PM’s position echoed by president Reuvin Rivlin, who said a civil war would be ‘a danger to our existence’

A burning car in the Israeli town of Lod
A burning car in the Israeli town of Lod. Violence between Jews and Arabs has been reported across the country. Photograph: Ammar Awad/Reuters

Oliver Holmes in Jaffa and Harriet Sherwood
Thu 13 May 2021 13.21 EDT

Israel’s political leaders have said violent street clashes between Jews and Arabs inside the country pose a bigger threat than the escalating military conflict with Gaza.

The country’s prime minister, Benjamin Netanyahu, visited the town of Lod, where there has been rioting, burning of cars, destruction of property and violent attacks on individuals.

“We have no bigger threat now than these pogroms, and we have no choice but to restore law and order via determined use of force,” he said. In an earlier statement he said the country was fighting a battle “on two fronts”.

Israel’s president, Reuven Rivlin, said “a civil war [would] be a danger to our existence, more than all the dangers we have from the outside.”

Intercommunal violence, including beatings, stabbings, shooting and arson, has been reported across the country, from Beersheva in the southern Negev to Tiberias and Haifa in the north. A television journalist was attacked in Tel Aviv.

More than 400 people have been arrested, and border police have been redeployed from the occupied West Bank to towns inside Israel. “We’re in an emergency, the defence minister, Benny Gantz, said in a statement.

The opposition leader, Yair Lapid, said there had been a “complete loss of control”. He accused Netanyahu of “leading us to anarchy”.

“Jewish and Arab rioters have declared war on Israel, and there’s no response, no government, no police, no leadership,” he said.

Lod was closed off from Thursday afternoon, and an overnight curfew imposed. Netanyahu said people involved in clashes could be indefinitely detained without charge, a practice known as administrative detention.

As the authorities struggled to gain control, thousands of Israeli troops were deployed to the Gaza border. Military plans for a possible ground operation in the Hamas-controlled territory were expected to be put before political leaders on Thursday evening.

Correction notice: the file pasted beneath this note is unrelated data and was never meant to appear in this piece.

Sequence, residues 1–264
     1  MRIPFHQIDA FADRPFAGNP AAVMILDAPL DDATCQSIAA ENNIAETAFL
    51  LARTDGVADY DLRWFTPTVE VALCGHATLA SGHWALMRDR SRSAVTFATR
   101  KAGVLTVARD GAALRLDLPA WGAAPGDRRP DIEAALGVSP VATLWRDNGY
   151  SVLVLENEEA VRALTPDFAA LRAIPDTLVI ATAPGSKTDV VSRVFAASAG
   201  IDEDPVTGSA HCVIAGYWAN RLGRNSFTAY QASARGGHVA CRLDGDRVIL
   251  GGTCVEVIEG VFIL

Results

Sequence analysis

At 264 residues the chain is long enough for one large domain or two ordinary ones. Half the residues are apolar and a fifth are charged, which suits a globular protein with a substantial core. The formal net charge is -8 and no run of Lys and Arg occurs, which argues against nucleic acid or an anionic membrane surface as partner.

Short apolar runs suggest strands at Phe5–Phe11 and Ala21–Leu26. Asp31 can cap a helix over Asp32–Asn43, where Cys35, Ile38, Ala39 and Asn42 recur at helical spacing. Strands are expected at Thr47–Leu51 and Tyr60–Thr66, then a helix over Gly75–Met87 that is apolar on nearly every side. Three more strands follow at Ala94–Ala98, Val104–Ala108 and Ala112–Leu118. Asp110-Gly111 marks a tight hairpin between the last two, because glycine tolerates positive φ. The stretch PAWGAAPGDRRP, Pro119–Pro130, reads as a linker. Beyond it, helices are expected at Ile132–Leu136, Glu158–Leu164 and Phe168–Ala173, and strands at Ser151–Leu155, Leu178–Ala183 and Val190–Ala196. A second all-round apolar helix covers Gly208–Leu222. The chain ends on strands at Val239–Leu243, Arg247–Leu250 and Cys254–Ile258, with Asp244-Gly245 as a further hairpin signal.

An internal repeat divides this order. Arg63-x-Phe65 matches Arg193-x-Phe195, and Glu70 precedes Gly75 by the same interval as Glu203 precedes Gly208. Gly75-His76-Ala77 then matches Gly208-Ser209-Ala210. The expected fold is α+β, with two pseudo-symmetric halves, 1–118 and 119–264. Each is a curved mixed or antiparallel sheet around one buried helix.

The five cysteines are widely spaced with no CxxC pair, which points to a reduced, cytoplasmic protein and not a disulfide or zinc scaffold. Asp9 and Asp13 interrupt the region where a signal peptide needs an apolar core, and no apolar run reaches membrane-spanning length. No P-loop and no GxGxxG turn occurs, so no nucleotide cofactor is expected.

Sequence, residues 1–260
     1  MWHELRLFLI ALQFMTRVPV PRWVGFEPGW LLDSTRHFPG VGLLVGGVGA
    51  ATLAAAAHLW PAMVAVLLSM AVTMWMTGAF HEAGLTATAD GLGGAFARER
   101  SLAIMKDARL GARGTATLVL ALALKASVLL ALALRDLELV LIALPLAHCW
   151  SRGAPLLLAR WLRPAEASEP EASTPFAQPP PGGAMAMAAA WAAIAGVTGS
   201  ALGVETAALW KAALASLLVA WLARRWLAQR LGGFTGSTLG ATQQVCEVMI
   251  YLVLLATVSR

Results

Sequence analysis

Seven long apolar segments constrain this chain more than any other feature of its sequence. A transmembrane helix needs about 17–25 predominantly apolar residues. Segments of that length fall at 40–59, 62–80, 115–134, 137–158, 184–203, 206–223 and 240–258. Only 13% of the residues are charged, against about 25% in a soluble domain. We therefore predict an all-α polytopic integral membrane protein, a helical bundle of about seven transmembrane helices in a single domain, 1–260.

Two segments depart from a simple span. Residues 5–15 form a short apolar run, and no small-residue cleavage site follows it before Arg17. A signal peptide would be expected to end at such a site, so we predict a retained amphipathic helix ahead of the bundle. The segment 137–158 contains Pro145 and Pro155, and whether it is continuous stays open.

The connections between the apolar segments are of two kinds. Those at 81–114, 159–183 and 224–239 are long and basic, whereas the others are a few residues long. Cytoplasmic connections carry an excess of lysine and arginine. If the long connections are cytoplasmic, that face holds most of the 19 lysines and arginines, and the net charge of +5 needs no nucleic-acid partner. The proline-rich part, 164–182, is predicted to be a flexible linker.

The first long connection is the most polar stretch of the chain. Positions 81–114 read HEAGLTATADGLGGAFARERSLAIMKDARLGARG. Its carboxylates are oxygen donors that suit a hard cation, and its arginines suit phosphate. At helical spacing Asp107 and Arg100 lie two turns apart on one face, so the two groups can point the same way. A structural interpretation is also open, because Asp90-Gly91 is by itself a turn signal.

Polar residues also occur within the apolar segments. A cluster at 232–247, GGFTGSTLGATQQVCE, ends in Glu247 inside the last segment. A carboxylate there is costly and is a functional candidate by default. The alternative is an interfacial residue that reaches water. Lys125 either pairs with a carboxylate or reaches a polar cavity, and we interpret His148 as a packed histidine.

The Israeli military told its forces to “prepare for battle”. It called up 7,000 reservists, and cancelled leave for all combat units.

Both sides continued to fire rockets and missiles throughout the day. In Gaza, shops, restaurants and parks that would normally be packed for the Muslim festival of Eid al-Fitr were deserted.

The Israeli military said it had hit a main command centre where dozens of Hamas operatives were conducting surveillance, and four apartments from which senior commanders directed rocket attacks.

Hamas said it had launched a number of “suicide drones” into southern Israel. The drones lock onto targets before releasing explosives. Warning sirens sounded almost continuously through the day in towns in southern Israel as Palestinian militants fired hundreds of rockets.

Eighty seven people, including at least 18 children, have been killed in Gaza, according to the health ministry. In Israel, seven people, including two children, have been killed.

More than 1,700 rockets have been fired from Gaza since Monday, according to the Israeli military. It said a third had fallen inside Gaza, and the Israeli defence system Iron Dome has intercepted most of the rest.

The US president, Joe Biden, said there had “not been a significant overreaction” by Israel to the Hamas rocket attacks. “The question is how, how we get to a point, they get to a point, where there is a significant reduction in the attacks, particularly the rocket attacks that are indiscriminately fired into population centres,” he told reporters at the White House.

British Airways joined several US and European airlines in suspending flights to Ben Gurion airport on the outskirts of Tel Aviv over concerns about rocket fire from Gaza.

“The safety and security of our colleagues and customers is always our top priority, and we continue to monitor the situation closely,” BA said. Israel redirected some flights to Ramon airport near the Red Sea resort of Eilat.

Abu-Ubaida, a spokesperson for Hamas’s military wing, the Izzadin al-Qassam Brigades, claimed that an Ayyash rocket with a range of 250km had been launched towards Ramon airport. The local council said a rocket had landed in the area.

The Russian president, Vladimir Putin, and the UN secretary general, António Guterres, called jointly for an end to the fighting.

“The primary task is to stop violent actions on both sides and ensure the safety of the civilian population,” the Kremlin said in a statement after a video call with Guterres.

Israel had rejected a Hamas proposal for a ceasefire, Netanyahu told the Israeli cabinet on Wednesday evening. The offer of a truce had been via the Russian foreign ministry, which quoted a senior Hamas official as saying the Islamist group was ready to halt attacks on a “mutual basis”, Ynetnews reported.

In Jerusalem’s Old City, tens of thousands of worshippers gathered at the al-Aqsa mosque at dawn to mark Eid al-Fitr. Some waved Palestinian flags and a banner showing an image of the Hamas leader, Ismail Haniyeh.

The streets of the ancient port of Jaffa were largely empty. Sally Abed, a member of Standing Together, a Jewish-Arab social movement, said local residents had felt increasingly threatened by Jewish settler groups that have sought to buy houses or evict Palestinians from their homes as part of a nationalist effort to take over the neighbourhood.

The gentrification of the area had a “flavour of ethnic cleansing”, she said. When residents protested, police had responded with excessive force, she added.

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